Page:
AGW – How can this multi-dimensional, multi-parameter, multi-variate climate science be settled?


Hopefully I am not infringing ethics or copyrights here. In reading WUWT‘s post ‘Back-testing the Solar-Sea level Relationship’ http://wattsupwiththat.com/2012/04/22/back-testing-the-solar-sea-level-relationship/#more-61827, there is an incredible amount of data and discussion on this climate ‘debate’.

Anyone who claims that the science is settled, as the ‘warmist’ scientists and their followers and supporters do, in fact claim, cannot reasonably be judged to be competent scientists or logical thinkers. There are simply too many variables, hardly any of them being scientifically quantifiable with any acceptable degree of certainty, to be assessed with any degree of confidence. Certainly insufficient real confidence to base the world-shattering carbon control and trading schemes being implemented by the authorities.

Critics of “skeptics” say that ‘we’ keep changing from one aspect to another, according to them to avoid the criticisms. In reality we are simply demonstrating that there are so many aspects the ‘warmists’ are simply ignoring, in their blinkered view of ‘CO2 causes global warming – we must control the emissions’.

In addition to the above-referenced post, I would venture to copy one of the reader comments from that post, as further support for the claim that “the science is not settled”.

rgbatduke says:

As Solanki noted in 2004, the Sun was more active in the second half of the 20th Century than at any time in the previous 8,000 years That was very likely not the case at all: http://www.leif.org/research/The%20long-term%20variation%20of%20solar%20activity.pdf

Your case for some fraction of the SSN increase being the result of alterations in the methods of counting is fairly compelling, although I would still worry about the error bars on your proposed corrections (and some of the inconsistencies that you acknowledge).  However, all of these corrections apply at most to the sunspot record, and really only to a relatively short century timescale of the sunspot record — over a longer timescale the sunspot records span multiple humans, methods, tools and are difficult to compare to contemporary records on a quantitative basis, are they not?

I’m curious, though, how you extend the conclusion that the 20th century was exceptional in solar activity back over the entire Holocene.  Isn’t most of that conclusion derived from completely independent proxies, in particular radioactive proxies?  Again, there is a lot of literature and having started to read my way through a lot of the older literature (and observing your name repeatedly as a cited reference:-) I’m certain that you are far more familiar with this literature than I, but the review by Ushokin (2008) has some radioactive proxy derived figures that — if they are reliable, which I am not equipped to judge — fairly unambiguously suggest that the 20th century was indeed exceptional over the Holocene.  See e.g. Figure 14 or Figure 17.  Is this junk science?  If so, how do we know — what is wrong with the reconstructions?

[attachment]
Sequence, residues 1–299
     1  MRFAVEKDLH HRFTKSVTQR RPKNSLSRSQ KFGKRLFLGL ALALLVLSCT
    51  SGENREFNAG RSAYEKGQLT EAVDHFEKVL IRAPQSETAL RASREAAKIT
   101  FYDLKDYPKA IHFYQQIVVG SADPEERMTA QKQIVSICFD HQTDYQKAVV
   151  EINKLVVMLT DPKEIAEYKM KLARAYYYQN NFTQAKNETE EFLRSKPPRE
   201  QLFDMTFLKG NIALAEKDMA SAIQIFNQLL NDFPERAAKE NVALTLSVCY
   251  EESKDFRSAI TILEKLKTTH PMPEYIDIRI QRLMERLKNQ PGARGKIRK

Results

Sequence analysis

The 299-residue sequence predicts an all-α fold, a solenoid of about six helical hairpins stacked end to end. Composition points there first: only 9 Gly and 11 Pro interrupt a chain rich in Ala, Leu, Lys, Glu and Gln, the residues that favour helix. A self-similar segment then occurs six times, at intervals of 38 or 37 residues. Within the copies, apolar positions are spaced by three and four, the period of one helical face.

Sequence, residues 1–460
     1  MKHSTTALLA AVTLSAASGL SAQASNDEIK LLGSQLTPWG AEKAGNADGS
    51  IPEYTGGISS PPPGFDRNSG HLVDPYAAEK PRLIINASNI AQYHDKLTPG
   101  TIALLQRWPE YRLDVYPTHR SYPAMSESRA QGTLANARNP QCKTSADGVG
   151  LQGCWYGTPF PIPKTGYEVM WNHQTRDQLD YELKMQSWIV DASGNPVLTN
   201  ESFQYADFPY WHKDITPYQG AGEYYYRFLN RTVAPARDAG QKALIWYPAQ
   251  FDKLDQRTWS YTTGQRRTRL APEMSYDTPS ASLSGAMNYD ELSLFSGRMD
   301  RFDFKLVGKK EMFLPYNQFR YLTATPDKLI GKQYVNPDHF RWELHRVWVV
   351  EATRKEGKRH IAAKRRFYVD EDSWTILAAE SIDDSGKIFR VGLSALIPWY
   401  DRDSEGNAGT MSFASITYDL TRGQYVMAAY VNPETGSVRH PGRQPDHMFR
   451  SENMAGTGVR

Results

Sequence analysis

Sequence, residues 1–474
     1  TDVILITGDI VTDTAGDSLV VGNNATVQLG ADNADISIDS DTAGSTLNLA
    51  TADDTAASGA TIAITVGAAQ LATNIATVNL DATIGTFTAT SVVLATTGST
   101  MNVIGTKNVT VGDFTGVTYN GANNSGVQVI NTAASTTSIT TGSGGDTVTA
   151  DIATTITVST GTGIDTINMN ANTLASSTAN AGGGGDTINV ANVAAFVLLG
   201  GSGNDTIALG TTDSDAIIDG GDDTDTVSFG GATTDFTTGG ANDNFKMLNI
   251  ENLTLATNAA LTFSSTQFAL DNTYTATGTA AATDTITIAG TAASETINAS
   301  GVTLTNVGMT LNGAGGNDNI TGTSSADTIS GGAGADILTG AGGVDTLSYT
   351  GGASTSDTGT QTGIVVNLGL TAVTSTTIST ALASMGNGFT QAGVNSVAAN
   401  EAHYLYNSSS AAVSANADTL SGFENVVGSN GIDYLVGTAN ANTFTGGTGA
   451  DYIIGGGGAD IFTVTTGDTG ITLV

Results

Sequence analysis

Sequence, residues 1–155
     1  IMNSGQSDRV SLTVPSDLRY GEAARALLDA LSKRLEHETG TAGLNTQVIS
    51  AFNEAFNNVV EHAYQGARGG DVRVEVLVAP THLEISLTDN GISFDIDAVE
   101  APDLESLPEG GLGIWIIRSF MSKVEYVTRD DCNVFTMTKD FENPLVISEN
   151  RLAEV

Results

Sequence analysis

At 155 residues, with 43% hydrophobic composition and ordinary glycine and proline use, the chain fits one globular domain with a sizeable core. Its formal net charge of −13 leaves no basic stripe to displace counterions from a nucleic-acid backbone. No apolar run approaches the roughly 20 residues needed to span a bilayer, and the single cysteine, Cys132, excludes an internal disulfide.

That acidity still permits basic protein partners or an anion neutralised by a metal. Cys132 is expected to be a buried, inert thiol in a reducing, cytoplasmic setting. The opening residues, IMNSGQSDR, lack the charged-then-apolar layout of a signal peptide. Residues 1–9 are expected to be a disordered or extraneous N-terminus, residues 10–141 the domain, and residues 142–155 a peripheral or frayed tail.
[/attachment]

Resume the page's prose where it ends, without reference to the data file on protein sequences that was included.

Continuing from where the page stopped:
In any event, it is not clear what relevance a correction to the smoothed sunspot number in the 20th century has to the radioactive proxy record on a millennial scale.   Of course the 20th century itself is a serious problem in many ways.  As noted in the article, a variety of factors from extensive nuclear testing in the late 50s through early 70s (much of it atmospheric) to the release of C_14 depleted carbon into the atmospheric cycle from the burning of aged-out fossil fuels (Suess effect) which is itself confounded by the further release of aged out CO_2 from oceanic stores by global warming.  The Be record in that sense seems to be somewhat less easily confounded, but even there we don’t necessarily know what is going on.

Looking at Ushokin and your talk, I remain unconvinced that the level of solar activity in the late 20th century was not unusual over a millennial time scale, although you have certainly cast some doubt on the issue.   If nothing else, we live in “interesting times” (possibly in the sense of the Chinese curse).  Whether or not the late 20th century was a millennial-scale peak in solar activity in terms of any or all measures of solar activity (where SSN is just one, and as I think you note, not really the best one to use as a proxy in part because it is subject to a fair bit of quantitative or subjective interpretation and hence variation), solar activity is now far down from whatever kind of peak that it was, and promises to go down further still.  We are thus at a critical point in theories that attempt to connect solar activity to global climate in contrast to CO_2.  If global temperatures hold or decrease in the teeth of inexorably increasing CO_2, it will at the very least be yet another compelling coincidence between secular climate changes and secular changes in solar activity by any or all measures.